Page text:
A recent study likened the “management” style of President Isaias Afwerki to that of President Paul Kagame of Rwanda. The only difference is Afwerki has not sought personal gains from office.
By New African Magazine
November 2011 Issue,
Once dubbed the “hope of Africa” by Western newspapers, Eritrea has since been lambasted as a rough state led by an authoritarian regime, paranoid about its larger neighbor, Ethiopia, with whom it fought a ruinous border war. A key ally of the US once upon a time, relationship soured in the early 2000s, as they did with the AU, the UN, other nations, and international organizations. Human rights groups often rank Eritrea as one of the worst performers.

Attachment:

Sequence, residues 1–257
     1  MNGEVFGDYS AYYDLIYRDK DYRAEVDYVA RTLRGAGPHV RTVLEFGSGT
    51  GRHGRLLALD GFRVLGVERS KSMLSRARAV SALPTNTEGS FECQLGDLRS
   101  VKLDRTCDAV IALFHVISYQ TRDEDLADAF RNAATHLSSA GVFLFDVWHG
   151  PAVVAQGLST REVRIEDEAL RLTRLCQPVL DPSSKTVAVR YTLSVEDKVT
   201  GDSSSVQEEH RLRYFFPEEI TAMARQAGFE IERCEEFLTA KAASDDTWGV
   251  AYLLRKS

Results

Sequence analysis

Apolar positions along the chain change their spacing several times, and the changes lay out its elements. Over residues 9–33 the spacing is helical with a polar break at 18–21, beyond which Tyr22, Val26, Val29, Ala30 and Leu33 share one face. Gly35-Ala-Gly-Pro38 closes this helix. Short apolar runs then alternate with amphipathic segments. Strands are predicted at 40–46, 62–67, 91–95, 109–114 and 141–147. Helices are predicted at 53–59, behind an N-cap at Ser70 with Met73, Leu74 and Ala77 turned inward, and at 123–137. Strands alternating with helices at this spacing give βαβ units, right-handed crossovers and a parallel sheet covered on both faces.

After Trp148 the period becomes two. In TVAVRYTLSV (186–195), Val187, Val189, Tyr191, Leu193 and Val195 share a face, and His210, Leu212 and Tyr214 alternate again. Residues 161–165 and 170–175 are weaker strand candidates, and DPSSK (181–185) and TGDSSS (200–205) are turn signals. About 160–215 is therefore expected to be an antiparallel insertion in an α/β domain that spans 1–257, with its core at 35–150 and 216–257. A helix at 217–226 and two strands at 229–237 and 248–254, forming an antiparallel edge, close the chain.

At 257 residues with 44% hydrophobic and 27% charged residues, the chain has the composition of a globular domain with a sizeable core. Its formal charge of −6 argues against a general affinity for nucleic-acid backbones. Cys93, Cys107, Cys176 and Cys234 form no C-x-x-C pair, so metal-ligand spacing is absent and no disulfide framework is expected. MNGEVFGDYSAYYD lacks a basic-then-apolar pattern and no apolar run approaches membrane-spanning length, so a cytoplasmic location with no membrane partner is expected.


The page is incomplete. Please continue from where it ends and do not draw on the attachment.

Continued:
But, though it has gone unreported, Eritrea is a country that may meet most of the UN Millennium Development Goals (MDGs) by 2015. It has achieved considerable success in health and education, based on principles of self-reliance and social justice. As pictures of the recent famine in the Horn of Africa are broadcast across the world, Eritrea is missing from the narrative because in a short space of time it has made strides in developing a strong agricultural sector and a resilient economy. And it has done all this without donor aid or outside help. New African spoke to the Eritrean president, Isaias Afwerki, on the sidelines of the UN General Assembly meeting in New York. Continue reading